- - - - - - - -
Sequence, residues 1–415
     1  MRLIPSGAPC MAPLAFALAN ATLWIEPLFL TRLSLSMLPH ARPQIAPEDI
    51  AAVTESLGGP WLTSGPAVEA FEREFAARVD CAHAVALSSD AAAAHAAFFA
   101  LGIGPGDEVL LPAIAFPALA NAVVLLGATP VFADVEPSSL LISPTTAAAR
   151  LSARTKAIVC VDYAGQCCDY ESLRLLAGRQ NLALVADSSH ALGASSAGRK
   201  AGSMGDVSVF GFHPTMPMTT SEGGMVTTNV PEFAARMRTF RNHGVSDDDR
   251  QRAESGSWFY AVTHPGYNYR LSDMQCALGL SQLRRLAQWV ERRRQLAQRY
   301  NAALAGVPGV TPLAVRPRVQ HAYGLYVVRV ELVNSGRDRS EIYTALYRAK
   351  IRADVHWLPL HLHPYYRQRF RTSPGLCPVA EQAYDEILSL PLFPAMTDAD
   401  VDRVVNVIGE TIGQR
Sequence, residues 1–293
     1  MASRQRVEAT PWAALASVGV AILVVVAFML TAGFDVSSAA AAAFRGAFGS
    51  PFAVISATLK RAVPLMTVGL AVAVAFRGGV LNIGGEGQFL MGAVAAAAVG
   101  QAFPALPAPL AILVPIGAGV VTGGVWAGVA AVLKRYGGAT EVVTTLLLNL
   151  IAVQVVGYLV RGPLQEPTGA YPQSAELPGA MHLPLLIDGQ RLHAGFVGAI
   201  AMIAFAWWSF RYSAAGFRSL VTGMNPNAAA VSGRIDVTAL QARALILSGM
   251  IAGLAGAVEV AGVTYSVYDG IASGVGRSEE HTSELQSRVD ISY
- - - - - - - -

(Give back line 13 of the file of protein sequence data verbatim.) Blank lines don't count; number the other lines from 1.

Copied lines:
    51  PFAVISATLK RAVPLMTVGL AVAVAFRGGV LNIGGEGQFL MGAVAAAAVG